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Serving Probation In Chicago, Illinois For A Methamphetamine Related Offense

 

This is the next post in my series on the handling of methamphetamine related offenses in Chicago, Illinois. My last article discussed how search and seizure issues impact meth cases. It is important to understand that being found with narcotics does not automatically mean that you are going to be convicted. In this article I will discuss the topic of serving probation after a conviction. It is crucial that you consult with a criminal defense attorney prior to entering into a plea deal which will place you under supervision.

Chicago defendants will have many requirements while serving probation for a meth offense

I have previously discussed serving probation for a domestic violence conviction. It is important to understand that probation for a meth offense will be much more rigid. This is because those charged with drug possession will be convicted of a felony rather than a misdemeanor and will be placed on “formal” probation. This means that the defendant will be required to check in regularly with an officer, to keep the officer informed of their address and work location, and to complete other requirements such as holding employment, completing community service, and more. This is in addition to other requirements the Court may impose, such as attending drug counseling.

It is important for a Chicago defendant to understand that they will give up many of their rights while they are on probation. An example of this includes the level of authority which is given to a probation officer. The supervisor may enter your residence and search your belongings at any time, and require you to appear at their office at times which are inconvenient for your schedule, can prohibit you from associating with certain individuals, and more. Failing to meet the obligations imposed by probation and the supervising officer can result in a defendant facing a probation revocation hearing.

Chicago defendants will face probation revocation if they violate the terms of supervision

Defendants do not have to commit a new crime to be found in violation of probation. The probation officer may report the accused as being in violation at any time. Simply failing to check in with your officer, or failing to update your address, will give them grounds to violate the terms of your release if they so choose. If you face a hearing for a probation violation it is possible to work with prosecutors and negotiate a reinstatement by which you will be placed back under supervision. Such an agreement will often come with additional requirements.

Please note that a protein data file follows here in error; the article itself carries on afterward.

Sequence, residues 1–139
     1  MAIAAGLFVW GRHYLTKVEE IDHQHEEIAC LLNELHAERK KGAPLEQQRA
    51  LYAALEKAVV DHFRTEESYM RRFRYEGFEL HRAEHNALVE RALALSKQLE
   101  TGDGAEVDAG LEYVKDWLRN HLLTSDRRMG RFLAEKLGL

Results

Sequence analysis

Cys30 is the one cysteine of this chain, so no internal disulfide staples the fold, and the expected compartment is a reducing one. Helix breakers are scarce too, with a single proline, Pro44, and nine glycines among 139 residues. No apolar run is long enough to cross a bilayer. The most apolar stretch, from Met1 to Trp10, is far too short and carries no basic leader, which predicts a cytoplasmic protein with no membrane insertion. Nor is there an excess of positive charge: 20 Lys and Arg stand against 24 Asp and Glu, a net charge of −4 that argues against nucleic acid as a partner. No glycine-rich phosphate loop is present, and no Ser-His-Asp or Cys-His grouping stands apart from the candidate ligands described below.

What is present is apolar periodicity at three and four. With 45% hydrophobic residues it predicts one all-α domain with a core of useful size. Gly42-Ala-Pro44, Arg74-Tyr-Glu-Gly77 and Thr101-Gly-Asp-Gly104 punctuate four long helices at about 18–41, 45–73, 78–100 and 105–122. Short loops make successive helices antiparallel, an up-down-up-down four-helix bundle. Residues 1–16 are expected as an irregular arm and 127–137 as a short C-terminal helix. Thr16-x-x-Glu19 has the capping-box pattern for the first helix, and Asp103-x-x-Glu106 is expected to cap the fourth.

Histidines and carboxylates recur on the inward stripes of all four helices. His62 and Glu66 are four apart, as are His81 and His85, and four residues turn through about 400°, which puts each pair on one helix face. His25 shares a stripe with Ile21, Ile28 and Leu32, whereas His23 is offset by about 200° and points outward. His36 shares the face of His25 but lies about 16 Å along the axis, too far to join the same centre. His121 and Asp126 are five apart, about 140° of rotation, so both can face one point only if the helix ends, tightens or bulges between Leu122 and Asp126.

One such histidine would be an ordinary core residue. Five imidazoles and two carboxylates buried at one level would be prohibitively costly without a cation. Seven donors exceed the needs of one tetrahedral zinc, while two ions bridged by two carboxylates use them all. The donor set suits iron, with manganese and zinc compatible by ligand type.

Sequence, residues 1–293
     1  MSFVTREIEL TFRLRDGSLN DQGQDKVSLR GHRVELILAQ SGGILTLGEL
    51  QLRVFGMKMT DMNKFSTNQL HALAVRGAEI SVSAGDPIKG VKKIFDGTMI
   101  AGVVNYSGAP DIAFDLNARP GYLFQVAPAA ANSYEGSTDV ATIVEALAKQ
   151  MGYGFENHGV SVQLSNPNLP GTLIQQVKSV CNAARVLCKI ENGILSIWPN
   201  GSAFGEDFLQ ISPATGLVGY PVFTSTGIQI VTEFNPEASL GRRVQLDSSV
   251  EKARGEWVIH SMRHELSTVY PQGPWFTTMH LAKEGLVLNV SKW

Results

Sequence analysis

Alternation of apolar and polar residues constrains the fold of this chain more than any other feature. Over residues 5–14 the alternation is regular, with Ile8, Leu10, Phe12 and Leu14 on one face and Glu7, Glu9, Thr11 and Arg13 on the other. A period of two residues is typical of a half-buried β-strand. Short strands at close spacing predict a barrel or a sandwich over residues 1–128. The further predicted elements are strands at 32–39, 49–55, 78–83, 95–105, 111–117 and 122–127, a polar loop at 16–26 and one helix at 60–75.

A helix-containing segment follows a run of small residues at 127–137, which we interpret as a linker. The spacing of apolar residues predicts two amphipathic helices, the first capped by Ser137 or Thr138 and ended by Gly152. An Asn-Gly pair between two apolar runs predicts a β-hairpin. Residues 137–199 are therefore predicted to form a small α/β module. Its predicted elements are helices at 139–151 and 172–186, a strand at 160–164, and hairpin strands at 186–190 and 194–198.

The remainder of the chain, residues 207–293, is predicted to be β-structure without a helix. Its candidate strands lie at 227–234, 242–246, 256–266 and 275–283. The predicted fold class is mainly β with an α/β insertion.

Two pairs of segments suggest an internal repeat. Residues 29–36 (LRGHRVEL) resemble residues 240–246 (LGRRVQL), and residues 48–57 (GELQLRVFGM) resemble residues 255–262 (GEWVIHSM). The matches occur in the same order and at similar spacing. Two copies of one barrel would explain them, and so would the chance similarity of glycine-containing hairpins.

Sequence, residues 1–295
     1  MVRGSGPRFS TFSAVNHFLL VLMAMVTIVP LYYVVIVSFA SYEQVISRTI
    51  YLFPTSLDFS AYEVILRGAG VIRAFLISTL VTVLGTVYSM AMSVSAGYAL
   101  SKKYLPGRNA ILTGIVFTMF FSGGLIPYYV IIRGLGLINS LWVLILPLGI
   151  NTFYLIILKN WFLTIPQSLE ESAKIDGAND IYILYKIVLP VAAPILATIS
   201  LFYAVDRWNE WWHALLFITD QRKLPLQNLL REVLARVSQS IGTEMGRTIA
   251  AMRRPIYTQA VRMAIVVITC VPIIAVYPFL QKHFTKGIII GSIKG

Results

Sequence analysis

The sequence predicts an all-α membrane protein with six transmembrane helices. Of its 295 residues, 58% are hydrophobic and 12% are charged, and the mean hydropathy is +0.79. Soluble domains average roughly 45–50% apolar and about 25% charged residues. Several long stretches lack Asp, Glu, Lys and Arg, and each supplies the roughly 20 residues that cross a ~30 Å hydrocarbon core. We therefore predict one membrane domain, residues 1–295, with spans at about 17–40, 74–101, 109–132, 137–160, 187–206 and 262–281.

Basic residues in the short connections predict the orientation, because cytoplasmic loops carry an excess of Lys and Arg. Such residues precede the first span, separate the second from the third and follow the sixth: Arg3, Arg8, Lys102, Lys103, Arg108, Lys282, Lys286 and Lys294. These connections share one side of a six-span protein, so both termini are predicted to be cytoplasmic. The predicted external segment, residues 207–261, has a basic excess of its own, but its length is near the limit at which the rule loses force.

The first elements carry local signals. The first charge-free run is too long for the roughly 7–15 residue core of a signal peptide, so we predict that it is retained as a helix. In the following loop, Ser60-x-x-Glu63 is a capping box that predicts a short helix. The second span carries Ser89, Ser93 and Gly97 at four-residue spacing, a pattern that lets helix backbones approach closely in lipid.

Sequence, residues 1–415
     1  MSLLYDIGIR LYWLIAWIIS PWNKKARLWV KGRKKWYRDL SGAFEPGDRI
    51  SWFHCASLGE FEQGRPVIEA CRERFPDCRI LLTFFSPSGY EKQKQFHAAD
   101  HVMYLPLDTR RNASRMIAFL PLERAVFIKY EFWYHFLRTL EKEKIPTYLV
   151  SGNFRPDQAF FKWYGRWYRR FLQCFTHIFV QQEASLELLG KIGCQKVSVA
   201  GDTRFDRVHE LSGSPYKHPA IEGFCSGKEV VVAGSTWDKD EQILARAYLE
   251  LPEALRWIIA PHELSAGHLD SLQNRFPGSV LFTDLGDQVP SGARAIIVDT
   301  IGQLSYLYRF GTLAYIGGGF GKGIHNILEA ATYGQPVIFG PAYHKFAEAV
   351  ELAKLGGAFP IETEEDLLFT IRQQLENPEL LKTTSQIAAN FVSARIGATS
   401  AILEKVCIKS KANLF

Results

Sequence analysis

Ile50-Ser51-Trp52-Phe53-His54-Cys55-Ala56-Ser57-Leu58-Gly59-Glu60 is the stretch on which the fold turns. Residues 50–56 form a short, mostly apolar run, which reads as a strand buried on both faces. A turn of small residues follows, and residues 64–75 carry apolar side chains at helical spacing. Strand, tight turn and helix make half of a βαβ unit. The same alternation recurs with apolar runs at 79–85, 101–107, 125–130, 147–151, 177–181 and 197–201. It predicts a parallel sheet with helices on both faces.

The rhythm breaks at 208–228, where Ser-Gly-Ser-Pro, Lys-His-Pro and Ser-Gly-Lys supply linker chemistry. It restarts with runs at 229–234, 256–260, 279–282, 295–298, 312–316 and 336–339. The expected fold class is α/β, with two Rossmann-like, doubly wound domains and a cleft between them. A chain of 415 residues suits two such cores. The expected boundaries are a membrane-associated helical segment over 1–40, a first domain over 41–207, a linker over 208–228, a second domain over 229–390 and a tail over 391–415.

It is important that you discuss your situation with a Chicago drug crimes attorney before accepting a plea offer which will place you on probation. It is important that you understand what your requirements will be and that your agreement be crafted in a way which sets you up for success. I am a former prosecutor with over thirty years of legal experience. Contact my office today to schedule an initial consultation.

I also handle matters in areas of Cook County including Chicago Ridge, Glenview, Crestwood, Orland Park, Evergreen Park, Bedford Park, Palos Park, Oak Lawn, Burbank, Oak forest, Blue Island, Palos Heights, Palos Hills, Alsip, Bridgeview, Lemont, Orland Hills, Country Club Hills, Hickory Hills, Summit, Richton Park, Midlothian, Worth, Posen, Matteson, Olympia Fields, Hometown, and Tinley Park, in DuPage County areas including Downers Grove, Naperville, Woodridge, and Darien, in Kane County areas including Aurora, Elgin and Geneva, and the Will County cities of Joliet, Bolingbrook, Mokena, Frankfort, New Lenox, Lockport, Homer Glen, Romeoville, and Manhattan.

 

 

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